Come on, Get Happy!
Think of it as the thermostat of the body.
Serotonin is a neurotransmitter, or a chemical produced in the brain and distributed throughout the body, explains Stephen Strakowski, a medical doctor and chair of psychiatry at the University of Cincinnati Hospital.
Serotonin sets the “tone” for overall brain functions, Strakowski says. As a neurotransmitter, serotonin helps to relay messages from one area of the brain to another. Because of the widespread distribution of its cells, it is believed to influence a variety of psychological and other body functions.
Of the approximately 40 million brain cells, most are influenced either directly or indirectly by serotonin. This includes brain cells related to mood, sexual desire and function, appetite, sleep, memory and learning, temperature regulation, and some social behavior. When serotonin levels are too low, people can become impulsive or even violent. Conversely, when levels are too high, people experience a high.
Hormonal imbalances can greatly affect serotonin levels, too. Dr. Bruce Worrell of the Center for Optimal Vitality in Mason treats women daily with irregular hormonal levels. His practice specializes in holistic therapy, hormone replacement therapy (HRT) in particular.
In order to understand the link between depression and hormonal imbalance, you should start with a look at depression. Depression is more than feeling blue. In fact, many people experience physical symptoms: headaches, back pain, muscle aches, chest pain, digestive problems, exhaustion and fatigue, sleeping problems, change in appetite and weight, and dizziness or lightheadedness.
The body needs the right amount of estrogen to make serotonin, which, in turn, lessens depression. The amount of estrogen in a woman’s body at any given time fluctuates. Estrogen and testosterone are secreted in pulses, which vary from hour to hour and even minute to minute. Hormone release varies between night and day and from one stage of the menstrual cycle to another.
Rightly or not, women are often seen as being under the influence of their hormones. As a result, they are said to be subject to hormonal “tides” or severe mood swings.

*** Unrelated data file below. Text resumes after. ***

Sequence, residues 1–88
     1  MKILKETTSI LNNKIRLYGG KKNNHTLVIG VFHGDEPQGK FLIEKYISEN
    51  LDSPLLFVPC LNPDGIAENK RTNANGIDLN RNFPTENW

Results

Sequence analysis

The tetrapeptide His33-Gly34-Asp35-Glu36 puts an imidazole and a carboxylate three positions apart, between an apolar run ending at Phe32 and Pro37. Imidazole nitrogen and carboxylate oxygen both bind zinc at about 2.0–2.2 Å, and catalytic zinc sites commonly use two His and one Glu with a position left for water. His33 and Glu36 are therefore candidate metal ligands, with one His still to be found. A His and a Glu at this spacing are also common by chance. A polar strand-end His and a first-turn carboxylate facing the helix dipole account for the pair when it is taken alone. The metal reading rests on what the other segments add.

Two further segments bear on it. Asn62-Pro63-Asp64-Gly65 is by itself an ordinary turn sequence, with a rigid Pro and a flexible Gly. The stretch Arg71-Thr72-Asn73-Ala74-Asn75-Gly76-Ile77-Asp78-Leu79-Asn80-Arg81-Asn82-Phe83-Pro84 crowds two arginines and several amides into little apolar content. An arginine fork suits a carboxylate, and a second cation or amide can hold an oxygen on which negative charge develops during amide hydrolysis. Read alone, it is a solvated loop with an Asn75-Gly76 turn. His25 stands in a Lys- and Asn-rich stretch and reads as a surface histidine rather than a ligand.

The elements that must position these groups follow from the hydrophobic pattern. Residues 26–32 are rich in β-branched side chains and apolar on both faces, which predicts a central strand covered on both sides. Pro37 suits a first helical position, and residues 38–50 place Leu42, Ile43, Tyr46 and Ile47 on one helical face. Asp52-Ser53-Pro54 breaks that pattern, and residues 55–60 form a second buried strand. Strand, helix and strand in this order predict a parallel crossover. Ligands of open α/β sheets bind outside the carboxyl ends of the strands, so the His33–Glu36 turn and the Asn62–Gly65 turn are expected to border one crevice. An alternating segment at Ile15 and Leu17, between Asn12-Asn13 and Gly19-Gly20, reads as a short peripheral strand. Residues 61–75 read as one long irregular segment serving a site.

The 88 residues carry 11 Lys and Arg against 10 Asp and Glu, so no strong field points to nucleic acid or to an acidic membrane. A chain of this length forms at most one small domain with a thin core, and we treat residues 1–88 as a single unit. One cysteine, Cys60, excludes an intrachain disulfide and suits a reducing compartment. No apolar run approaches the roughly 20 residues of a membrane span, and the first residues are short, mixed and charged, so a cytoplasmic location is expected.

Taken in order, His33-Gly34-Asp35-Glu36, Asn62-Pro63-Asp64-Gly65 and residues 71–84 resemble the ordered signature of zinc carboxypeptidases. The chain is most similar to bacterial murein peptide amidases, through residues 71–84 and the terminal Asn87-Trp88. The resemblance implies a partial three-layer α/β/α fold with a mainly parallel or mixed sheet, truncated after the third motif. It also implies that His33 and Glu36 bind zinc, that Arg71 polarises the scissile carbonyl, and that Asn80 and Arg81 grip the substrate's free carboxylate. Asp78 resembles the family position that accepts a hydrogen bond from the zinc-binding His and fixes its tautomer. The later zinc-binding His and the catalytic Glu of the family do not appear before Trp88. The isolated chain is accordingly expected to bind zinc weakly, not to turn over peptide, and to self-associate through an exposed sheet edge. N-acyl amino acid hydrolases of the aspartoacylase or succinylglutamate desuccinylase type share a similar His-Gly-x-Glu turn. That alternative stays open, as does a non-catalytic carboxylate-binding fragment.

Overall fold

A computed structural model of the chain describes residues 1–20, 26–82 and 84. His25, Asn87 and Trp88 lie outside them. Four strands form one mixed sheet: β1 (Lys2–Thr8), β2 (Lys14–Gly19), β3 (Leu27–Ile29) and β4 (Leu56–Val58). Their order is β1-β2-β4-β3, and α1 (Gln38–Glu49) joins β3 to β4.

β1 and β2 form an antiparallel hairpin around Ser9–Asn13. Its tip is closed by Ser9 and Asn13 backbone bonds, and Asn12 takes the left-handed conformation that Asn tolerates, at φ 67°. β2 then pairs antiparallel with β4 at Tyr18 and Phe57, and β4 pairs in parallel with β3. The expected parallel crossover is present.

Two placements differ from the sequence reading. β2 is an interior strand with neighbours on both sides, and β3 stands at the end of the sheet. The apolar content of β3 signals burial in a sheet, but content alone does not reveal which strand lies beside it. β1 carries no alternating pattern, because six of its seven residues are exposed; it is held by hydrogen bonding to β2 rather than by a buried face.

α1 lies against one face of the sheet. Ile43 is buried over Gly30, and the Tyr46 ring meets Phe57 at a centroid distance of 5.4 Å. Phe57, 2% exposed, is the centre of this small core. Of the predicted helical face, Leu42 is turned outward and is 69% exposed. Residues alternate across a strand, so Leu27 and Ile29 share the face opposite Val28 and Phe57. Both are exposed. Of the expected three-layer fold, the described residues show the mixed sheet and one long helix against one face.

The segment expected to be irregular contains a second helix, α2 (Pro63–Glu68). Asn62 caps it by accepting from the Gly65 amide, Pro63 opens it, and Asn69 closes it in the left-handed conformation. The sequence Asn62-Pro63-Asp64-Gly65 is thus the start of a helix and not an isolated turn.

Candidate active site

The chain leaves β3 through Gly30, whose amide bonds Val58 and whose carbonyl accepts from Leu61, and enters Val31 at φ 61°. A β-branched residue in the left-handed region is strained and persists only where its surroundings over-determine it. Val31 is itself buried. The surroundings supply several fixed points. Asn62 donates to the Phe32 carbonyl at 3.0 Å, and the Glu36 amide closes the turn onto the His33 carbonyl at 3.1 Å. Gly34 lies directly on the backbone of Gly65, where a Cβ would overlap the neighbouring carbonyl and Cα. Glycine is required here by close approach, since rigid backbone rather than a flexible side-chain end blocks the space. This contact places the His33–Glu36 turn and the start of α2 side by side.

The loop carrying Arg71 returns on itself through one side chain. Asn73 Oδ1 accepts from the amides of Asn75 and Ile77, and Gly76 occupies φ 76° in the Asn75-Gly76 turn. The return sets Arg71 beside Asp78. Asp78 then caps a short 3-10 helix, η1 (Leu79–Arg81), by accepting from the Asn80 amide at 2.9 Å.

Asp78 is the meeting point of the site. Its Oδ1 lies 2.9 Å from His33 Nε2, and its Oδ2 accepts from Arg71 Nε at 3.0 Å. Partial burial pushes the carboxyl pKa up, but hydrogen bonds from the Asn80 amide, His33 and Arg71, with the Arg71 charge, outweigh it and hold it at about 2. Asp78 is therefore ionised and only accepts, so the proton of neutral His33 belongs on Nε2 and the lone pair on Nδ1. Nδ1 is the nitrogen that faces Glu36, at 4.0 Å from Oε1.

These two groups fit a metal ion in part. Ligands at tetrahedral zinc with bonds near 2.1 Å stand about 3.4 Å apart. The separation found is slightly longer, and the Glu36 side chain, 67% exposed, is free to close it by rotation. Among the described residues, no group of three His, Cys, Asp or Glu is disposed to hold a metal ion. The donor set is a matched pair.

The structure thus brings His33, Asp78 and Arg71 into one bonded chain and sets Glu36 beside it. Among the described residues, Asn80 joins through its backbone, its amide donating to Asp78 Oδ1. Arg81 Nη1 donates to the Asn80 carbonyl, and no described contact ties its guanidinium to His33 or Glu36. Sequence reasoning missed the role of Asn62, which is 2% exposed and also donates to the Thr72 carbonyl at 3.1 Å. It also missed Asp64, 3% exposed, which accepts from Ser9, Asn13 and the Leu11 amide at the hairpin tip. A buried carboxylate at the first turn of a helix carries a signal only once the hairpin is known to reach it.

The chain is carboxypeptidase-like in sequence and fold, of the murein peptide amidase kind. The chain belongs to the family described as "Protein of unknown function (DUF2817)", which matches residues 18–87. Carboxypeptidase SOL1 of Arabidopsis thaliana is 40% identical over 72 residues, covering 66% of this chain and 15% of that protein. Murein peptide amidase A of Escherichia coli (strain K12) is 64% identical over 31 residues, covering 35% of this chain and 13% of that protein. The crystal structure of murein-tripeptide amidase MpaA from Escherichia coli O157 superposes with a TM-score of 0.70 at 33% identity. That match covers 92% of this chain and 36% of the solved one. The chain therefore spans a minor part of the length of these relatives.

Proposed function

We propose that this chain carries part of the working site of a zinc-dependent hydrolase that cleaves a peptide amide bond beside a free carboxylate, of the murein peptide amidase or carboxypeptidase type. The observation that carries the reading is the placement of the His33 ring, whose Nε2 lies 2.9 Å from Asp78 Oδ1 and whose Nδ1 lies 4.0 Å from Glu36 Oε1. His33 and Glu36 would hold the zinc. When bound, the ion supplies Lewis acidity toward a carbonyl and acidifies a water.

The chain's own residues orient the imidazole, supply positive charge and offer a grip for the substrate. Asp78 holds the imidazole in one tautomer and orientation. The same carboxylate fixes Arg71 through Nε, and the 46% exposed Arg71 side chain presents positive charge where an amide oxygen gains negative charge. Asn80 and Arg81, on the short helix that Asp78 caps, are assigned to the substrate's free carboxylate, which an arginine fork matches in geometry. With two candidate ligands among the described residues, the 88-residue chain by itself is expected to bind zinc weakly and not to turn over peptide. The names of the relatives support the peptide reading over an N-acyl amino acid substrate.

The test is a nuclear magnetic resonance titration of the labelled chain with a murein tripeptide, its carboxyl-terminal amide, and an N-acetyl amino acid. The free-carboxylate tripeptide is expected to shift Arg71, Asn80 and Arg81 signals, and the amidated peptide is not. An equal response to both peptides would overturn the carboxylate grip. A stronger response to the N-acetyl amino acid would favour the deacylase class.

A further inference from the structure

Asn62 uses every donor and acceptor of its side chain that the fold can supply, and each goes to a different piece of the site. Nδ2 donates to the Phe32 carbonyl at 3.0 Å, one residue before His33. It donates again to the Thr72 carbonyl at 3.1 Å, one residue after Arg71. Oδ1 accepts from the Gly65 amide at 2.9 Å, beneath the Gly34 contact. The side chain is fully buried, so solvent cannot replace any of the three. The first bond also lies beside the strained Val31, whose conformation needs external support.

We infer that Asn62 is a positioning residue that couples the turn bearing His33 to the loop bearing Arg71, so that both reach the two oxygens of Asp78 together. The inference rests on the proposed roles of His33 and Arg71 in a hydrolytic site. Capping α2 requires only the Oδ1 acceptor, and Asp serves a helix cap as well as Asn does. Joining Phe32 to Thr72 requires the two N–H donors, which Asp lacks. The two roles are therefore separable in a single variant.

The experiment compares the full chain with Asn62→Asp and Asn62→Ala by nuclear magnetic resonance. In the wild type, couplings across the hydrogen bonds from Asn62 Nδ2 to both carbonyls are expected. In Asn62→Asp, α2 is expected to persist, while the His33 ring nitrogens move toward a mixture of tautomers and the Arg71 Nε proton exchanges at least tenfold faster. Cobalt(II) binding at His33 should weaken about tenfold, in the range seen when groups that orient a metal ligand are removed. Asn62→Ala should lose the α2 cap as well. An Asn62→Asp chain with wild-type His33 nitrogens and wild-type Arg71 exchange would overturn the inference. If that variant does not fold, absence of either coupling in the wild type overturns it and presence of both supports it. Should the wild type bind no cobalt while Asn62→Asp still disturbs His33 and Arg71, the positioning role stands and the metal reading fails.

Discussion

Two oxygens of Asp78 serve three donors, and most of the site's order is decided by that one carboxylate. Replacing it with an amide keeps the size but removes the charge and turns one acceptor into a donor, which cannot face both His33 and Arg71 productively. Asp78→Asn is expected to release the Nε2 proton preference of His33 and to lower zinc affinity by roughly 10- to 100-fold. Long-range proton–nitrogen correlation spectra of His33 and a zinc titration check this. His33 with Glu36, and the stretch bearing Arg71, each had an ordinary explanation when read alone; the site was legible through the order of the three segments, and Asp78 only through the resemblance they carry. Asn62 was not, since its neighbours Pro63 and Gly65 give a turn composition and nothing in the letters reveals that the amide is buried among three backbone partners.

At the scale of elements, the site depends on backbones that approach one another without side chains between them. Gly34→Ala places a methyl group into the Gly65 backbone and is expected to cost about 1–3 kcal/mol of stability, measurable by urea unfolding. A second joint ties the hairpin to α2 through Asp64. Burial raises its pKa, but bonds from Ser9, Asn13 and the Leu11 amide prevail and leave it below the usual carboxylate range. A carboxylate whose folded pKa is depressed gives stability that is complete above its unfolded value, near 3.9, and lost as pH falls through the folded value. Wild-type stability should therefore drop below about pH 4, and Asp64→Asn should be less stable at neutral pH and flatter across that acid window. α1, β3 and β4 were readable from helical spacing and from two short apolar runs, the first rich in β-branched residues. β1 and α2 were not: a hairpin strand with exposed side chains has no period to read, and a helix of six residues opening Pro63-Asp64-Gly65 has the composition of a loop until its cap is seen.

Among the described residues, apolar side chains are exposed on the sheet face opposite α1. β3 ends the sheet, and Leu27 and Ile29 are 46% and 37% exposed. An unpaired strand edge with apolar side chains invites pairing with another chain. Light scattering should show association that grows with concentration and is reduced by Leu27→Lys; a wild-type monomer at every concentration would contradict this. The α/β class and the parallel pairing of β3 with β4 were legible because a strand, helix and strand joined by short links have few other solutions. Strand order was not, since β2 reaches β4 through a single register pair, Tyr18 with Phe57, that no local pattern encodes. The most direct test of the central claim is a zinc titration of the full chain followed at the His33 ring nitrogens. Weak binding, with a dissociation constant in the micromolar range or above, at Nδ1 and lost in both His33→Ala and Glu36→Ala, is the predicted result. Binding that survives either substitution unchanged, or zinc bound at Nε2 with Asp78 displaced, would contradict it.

There are many reasons why estrogen levels fall, including hypopituitarism, pregnancy failure, perimenopause, menopause, polycystic ovarian syndrome, anorexia nervosa and extreme exercise or training. Symptoms of low levels include hot flashes, night sweats, vaginal dryness, sagging breasts and/or loss of breast fullness, mental fogginess, depression, changes in mood and decreased sense of sensuality and sexuality.
“When levels are too low, depression can set in,” Worrell says.
Levels can be controlled by both natural and unnatural means. Natural substances like chocolate and the supplement St. John’s Wart have been known to affect levels, although effects have not been clinically proven.
“You can try it, but if it doesn’t work, try something else,” Worrell suggests.
Overall, Strakowski advises sound health practices to affect change. Exercise, a proper diet and getting enough sleep are the safest ways. These habits are intertwined and affect natural endorphins that promote a positive mood.
Stress is a major factor in hormonal imbalance, Worrell says. Reducing the amount of daily stress can do wonders for your overall well-being as well. Other factors that may affect hormone production include: nutritional deficiencies, exposure to toxins, endocrine disorders, sleep disorders, lack of sunlight and certain prescription and over-the-counter medications.
When the situation calls for a more drastic measure, it’s easy to yearn for a “quick fix.” The most common unnatural means is to take an antidepressant, Strakowski says. Many women turn to these “happy pills” to positively affect mood.
Be wary of labels that offer an instant cure. This approach is short-term, only treating the symptom, not the disease, Worrell says. Depression is often a symptom of a lack of estrogen, so the focus should be directed on the latter.
Many women who feel lethargic and lack motivation for daily tasks are mistakenly diagnosed with depression, he says. When prescribed with an antidepressant, many women feel numb, like a shell of themselves.
“Many women come to me saying, ‘I don’t feel like the person I used to be,'” Worrell says.
The medications seem to only numb the pain, not address the root problem. Worrell finds once his patients are properly diagnosed with hormone imbalances, their overall well-being improves.
To treat this condition, Worrell suggests hormone replacement therapy. Bio-identical hormones are identical in structure and function to the hormones naturally produced in our bodies. They are hand compounded and plant derived, unlike synthetically produced pharmaceutical hormones. They are biologically identical to the human forms of estradiol and testosterone. Essentially, the body is given back what it can no longer produce naturally. This type of therapy has been documented and researched in medical journals since 1939.
Worrell believes bio-identical hormones are the only choice for helping women reinvigorate their lives without the unfavorable effects of the more traditional HRT treatment options. In essence, your body wants what it originally was designed to have. Bio-identical, natural, subcutaneous pellet therapy is the only HRT option that will reestablish a normal hormonal process in your body.
Still, there’s hope for the 20- and 30-somethings out there. Hormonal imbalance typically affects middle-aged women. Worrell says he typically treats women between 45 and 55.
Before taking serious measures like HRT, Strakowski advises a consultation with a doctor for further questions about serotonin and mood. Credible health Web sites, like webmd.com, are also useful tools.
See the Center for Optimal Vitality’s Web site for more information about hormone replacement therapy.
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